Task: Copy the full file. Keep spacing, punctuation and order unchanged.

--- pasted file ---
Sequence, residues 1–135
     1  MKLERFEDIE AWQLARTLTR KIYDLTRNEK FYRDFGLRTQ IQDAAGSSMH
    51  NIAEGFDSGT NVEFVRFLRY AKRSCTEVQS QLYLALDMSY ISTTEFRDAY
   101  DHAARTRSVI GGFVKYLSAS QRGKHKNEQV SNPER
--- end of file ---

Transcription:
Sequence, residues 1–135
     1  MKLERFEDIE AWQLARTLTR KIYDLTRNEK FYRDFGLRTQ IQDAAGSSMH
    51  NIAEGFDSGT NVEFVRFLRY AKRSCTEVQS QLYLALDMSY ISTTEFRDAY
   101  DHAARTRSVI GGFVKYLSAS QRGKHKNEQV SNPER